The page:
In JWST high-contrast imaging (HCI), the term "contrast" means the companion-to-host flux ratio.
When developing an HCI investigation, the user's scientific goal is represented by an "operating point" (s, Cflux), where s and Cflux = fluxcompanion/fluxhost are the expected apparent separation and flux contrast between the companion and host, respectively.
This operating point is estimated to be feasible if Cflux > Climit(s), where Climit(s) is the "limiting contrast."
Climit(s) is a function of many interrelated factors, and is, therefore, a challenge to estimate. In particular, Climit(s) depends on the instrumental configuration, the observing strategy, and the post-processing calibrations and processes. Climit(s) is especially sensitive to the step where a scaled, reference PSF is subtracted from a science image. PSF subtraction is relied upon to extend the grasp of the investigation deep into the systematic noise. (See Soummer et al., 2012) . In the absence of data, it is hard to say how well PSF subtraction will perform for JWST.
To be valid, the feasibility test Cflux > Climit(s) assumes that the planned observation has the same technical and procedural factors that produced the calibration of Climit(s).
To gain a better understanding of Climit(s), look more closely at the term "contrast" (C). Although C been widely adopted as a metric of HCI performance, its meaning is sometimes ambiguous in the context where it appears. Therefore, the various possible meanings of "contrast" are disambiguated as follows:
- Cflux is the term for the companion-to-host flux ratio. Cflux is a property of nature, independent of any instrumental or observational details or considerations.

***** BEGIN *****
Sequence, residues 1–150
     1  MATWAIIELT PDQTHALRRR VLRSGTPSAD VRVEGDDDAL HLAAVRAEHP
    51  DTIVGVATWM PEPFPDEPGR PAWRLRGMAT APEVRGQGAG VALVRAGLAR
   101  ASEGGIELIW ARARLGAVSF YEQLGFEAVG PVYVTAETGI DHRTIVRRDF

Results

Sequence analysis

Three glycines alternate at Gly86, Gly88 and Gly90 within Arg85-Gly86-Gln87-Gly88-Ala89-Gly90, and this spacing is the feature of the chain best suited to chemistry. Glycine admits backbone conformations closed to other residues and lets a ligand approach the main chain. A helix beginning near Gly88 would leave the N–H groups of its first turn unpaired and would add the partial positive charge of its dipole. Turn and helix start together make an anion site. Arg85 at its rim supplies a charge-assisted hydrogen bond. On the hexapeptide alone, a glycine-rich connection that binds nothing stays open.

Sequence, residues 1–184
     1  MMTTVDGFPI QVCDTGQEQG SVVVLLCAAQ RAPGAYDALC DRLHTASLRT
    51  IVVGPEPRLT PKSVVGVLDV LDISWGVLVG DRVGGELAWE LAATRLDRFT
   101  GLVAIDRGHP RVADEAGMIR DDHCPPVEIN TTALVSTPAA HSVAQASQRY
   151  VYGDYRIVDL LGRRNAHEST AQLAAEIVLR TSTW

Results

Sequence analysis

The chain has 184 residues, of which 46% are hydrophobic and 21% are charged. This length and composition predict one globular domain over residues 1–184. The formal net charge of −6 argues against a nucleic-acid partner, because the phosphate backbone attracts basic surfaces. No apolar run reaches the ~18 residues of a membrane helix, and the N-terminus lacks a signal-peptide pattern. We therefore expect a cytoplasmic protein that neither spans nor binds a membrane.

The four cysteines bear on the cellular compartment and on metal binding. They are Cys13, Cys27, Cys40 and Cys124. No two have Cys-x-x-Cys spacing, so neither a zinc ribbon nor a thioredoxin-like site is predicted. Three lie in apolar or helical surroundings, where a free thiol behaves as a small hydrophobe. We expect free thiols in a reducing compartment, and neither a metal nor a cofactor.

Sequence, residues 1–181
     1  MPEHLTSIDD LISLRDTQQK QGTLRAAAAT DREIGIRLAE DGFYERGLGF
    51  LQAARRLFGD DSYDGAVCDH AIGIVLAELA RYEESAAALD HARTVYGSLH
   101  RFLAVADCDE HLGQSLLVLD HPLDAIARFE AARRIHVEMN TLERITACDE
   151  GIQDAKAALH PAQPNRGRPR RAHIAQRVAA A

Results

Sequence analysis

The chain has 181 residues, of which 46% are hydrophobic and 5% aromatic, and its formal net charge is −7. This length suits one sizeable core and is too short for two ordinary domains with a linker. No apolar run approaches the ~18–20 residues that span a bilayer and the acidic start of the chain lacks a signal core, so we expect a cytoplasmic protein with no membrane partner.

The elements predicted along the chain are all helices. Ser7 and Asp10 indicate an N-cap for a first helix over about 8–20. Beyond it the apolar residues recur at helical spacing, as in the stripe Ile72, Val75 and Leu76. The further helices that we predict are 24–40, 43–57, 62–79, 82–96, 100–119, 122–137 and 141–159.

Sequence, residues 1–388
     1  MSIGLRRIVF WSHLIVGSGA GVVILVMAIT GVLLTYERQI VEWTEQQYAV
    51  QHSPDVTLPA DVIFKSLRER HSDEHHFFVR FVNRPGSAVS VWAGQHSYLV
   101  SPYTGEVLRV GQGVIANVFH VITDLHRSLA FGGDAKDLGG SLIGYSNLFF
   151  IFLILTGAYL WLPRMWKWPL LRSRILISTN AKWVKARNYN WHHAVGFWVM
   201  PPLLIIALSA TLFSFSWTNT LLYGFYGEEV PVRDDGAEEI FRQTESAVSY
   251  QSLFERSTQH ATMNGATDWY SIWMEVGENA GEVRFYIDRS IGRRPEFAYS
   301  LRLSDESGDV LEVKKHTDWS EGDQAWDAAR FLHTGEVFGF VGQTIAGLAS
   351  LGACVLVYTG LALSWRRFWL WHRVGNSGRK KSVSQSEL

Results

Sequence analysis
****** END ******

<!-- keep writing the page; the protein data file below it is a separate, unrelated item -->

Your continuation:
- CPSF(s) is the ratio of the PSF at separation s to its central value: CPSF(s) = PSF(s)/PSF(0). Other useful PSF ratios are:
- CJWST_PSF(s), the PSF ratio using the telescope PSF.
- Ccentered_PSF(s), the PSF ratio using the instrument PSF. The numerator is the PSF when it is centered on the occulting mask and is evaluated at input values s > IWA.
- Coffset_PSF(s',s), which is the PSF ratio with the numerator equal to the PSF when it is offset from the center of the occulting mask by separation s', and the PSF is evaluated at an input value of s.
- Craw(s) = Coffset_PSF(0)/Ccentered_PSF(s) is the raw contrast, which is an intrinsic property of the instrument, independent of any natural or observational details or considerations, including noise and integration time.
- Climit(s) is limiting contrast, defined as the value of Cflux, for the minimum-detectable companion. Climit(s) affirmatively does take into account any and all relevant technical and procedural factors , such as observational strategy, pointing and instrumental errors, detection threshold, and post-processing—especially the PSF-subtraction strategy. The detection threshold is related to the false alarm probability under the assumption that the residual errors after PSF subtraction are normally distributed.
- Cideal(s) is a floor for the limiting contrast Climit(s), because it makes certain optimistic, simplifying assumptions. For example, Cideal(s) may assume that pointing errors are zero or that photometric noise is ideal, with photon-counting noise dominating.
- Gcontrast(s) = Cideal(s)/Craw(s) is the "contrast gain." Gcontrast(s) is the factor by which the instrument and procedures of HCI must suppress the telescope PSF.
Q(s) = Cflux×Craw(s) is an auxiliary metric sometimes used to gauge the systematic errors in Craw(s) due to aberrations and their speckles. Q(s) is the wing-to-center surface-brightness ratio of the host-companion pair of sources, which has been called the "instantaneous signal-to-noise ratio." Q depends only on the instrument and on nature, but not on any observational factors, such as exposure time or strategy for PSF subtraction.
At the current time, few treatments of Climit(s) are available for the JWST HCI modes. For now, users must extrapolate Climit(s) from published treatments of Climit(s):
High contrast imaging articles
Beichman, C. A., et al. 2010, PASP, 122:162
Imaging Young Giant Planets from Ground and Space
Boccaletti, A., et al. 2015, PASP, 127, 633
The Mid-Infrared Instrument for the James Webb Space Telescope, V: Predicted Performance of the MIRI Coronagraphs
Greenbaum, A.Z., Pueyo, L., Sivaramakrishnan et al. 2015, ApJ, 798, 68
An Image-Plane Algorithm for JWST's Non-Redundant Aperture Mask Data
Soummer, R., Pueyo, L., and Larkin, J., 2012, ApJ 755 , L28
Detection and Characterization of Exoplanets and Disks Using Projections on Karhunen-Loeve Eigenimages
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